One day after a Satsangha, I had an opportunity to speak to Shri Mahayogi and I told him that I had a desire to work in Fukushima, but was wondering if that would become an interference in my spiritual progress, and if so, then I was willing to give it up. Shri Mahayogi listened while nodding, and said joyfully, “I see. Well then, go ahead. Vivekananda, Ramakrishna, Mother Teresa, they all threw themselves into the midst of those who suffer and served them. That is the meaning of living in Yoga itself. I am very glad to hear it.” Shri Mahayogi’s whole body was gleaming and sparkling, my eyes were taken away by this brilliance and I forgot everything else he told me. I was amazed at how pleased God was with me going to work in Fukushima. And I understood that this path was a reliable path that God was granting me, a path to become holy. That being said, the reality is that that did not completely eliminate my worry. Nonetheless, because I was determined to become holy, I had to embark on taking the first step.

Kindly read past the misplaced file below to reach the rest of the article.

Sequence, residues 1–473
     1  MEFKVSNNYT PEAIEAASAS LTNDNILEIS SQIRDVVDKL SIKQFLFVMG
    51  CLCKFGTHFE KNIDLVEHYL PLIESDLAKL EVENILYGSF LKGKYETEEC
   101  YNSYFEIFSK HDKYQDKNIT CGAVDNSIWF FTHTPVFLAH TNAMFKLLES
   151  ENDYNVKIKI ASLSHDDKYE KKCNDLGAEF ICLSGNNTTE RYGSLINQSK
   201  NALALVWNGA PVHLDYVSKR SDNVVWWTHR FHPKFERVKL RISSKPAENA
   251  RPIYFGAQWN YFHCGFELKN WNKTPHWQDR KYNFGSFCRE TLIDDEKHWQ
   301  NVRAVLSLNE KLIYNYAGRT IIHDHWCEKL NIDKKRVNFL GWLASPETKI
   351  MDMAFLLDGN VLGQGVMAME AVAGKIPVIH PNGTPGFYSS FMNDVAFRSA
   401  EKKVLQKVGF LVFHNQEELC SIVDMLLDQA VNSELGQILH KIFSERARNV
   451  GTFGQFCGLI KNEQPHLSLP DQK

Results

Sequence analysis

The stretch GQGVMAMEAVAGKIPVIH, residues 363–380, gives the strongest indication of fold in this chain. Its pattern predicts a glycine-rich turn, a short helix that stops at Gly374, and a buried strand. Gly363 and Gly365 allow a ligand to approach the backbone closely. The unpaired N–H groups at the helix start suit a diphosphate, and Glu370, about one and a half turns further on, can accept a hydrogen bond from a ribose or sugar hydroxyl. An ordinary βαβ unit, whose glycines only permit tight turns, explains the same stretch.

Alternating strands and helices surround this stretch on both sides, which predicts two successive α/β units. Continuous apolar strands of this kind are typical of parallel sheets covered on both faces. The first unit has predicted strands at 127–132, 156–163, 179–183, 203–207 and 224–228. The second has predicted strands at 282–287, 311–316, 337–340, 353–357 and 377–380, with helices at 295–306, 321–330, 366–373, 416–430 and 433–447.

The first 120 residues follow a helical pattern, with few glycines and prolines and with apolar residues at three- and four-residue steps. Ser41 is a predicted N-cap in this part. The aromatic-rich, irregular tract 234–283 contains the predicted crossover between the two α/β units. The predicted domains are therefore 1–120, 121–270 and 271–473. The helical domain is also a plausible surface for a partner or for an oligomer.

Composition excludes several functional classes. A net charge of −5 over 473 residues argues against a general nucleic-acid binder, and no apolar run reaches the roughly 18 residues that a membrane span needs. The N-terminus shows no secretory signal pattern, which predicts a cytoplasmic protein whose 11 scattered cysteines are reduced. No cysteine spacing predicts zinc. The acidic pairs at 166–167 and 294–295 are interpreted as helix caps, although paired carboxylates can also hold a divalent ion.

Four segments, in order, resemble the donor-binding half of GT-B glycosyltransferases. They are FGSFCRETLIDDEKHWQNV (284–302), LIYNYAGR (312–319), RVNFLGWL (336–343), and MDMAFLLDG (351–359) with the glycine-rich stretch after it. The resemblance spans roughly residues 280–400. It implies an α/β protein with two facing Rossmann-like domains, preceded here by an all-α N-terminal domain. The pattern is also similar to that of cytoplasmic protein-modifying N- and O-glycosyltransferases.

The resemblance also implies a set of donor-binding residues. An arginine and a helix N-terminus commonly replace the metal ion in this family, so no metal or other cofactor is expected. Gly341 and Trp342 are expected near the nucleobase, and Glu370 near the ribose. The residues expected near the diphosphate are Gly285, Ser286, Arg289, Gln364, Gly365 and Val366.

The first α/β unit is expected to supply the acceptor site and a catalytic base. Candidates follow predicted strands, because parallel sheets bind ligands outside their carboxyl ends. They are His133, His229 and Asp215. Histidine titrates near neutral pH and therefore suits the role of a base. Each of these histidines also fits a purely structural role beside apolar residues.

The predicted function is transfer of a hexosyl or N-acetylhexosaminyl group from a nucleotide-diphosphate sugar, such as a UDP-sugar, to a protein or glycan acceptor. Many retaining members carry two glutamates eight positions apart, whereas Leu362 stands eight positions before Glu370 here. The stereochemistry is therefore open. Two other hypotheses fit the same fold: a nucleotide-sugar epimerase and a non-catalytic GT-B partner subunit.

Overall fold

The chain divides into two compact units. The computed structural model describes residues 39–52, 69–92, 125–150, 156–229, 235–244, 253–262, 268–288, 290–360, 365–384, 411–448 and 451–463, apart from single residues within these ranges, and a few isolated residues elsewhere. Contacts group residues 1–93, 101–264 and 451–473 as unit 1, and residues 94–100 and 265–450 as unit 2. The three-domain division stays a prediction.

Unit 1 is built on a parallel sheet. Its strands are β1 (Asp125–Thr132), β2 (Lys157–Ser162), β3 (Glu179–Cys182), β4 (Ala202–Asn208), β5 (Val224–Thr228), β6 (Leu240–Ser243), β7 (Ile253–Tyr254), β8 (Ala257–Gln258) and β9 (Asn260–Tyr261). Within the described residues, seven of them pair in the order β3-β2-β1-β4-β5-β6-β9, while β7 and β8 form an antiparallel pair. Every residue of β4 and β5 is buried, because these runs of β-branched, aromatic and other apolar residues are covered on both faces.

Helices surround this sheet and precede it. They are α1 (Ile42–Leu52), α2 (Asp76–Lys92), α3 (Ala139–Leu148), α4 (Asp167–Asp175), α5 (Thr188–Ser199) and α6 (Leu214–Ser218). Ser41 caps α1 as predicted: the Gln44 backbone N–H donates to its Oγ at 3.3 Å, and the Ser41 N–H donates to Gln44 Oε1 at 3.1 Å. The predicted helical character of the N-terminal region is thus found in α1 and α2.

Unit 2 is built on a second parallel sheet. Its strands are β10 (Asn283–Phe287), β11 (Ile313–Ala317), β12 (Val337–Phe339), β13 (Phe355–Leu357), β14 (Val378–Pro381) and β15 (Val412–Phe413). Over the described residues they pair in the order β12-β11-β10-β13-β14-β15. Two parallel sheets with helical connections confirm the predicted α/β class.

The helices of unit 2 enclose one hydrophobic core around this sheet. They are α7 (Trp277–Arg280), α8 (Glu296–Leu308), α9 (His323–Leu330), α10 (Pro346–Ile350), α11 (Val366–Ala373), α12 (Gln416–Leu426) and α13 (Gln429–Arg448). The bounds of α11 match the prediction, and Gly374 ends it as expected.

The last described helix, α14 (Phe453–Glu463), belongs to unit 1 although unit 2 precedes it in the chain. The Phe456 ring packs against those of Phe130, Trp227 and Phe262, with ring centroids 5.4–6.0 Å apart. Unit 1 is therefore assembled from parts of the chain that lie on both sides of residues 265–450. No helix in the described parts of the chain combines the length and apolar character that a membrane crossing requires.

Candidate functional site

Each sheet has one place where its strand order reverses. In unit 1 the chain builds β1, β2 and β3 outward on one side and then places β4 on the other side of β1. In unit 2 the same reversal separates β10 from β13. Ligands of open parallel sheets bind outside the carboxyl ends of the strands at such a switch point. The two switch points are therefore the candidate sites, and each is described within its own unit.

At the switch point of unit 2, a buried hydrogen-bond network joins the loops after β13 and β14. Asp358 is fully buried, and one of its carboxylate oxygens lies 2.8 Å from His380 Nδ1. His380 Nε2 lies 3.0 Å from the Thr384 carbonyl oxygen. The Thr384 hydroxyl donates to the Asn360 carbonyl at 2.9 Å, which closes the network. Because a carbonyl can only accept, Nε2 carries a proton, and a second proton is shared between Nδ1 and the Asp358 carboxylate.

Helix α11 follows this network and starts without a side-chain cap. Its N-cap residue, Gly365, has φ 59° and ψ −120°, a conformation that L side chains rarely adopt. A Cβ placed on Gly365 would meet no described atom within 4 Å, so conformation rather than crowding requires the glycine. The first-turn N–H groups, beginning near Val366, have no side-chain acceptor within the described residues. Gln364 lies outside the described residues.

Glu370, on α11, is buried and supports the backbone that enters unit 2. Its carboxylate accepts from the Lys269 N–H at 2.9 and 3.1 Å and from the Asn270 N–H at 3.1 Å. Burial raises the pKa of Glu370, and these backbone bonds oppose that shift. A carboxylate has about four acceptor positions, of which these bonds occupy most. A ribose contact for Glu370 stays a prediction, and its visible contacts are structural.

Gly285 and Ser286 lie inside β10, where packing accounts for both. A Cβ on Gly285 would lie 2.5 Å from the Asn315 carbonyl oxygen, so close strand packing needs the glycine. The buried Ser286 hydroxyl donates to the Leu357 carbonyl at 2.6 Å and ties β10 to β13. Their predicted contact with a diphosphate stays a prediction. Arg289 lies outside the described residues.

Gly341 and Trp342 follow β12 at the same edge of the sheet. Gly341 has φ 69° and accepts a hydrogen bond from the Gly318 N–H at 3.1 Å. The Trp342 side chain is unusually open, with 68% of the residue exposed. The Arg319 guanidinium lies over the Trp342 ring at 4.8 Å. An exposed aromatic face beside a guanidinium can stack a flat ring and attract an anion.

Thus, that is how I ended up working in a hospital in Fukushima, 26 kilometers (16 miles) from the nuclear reactors, in the spring that followed.

(To be continued)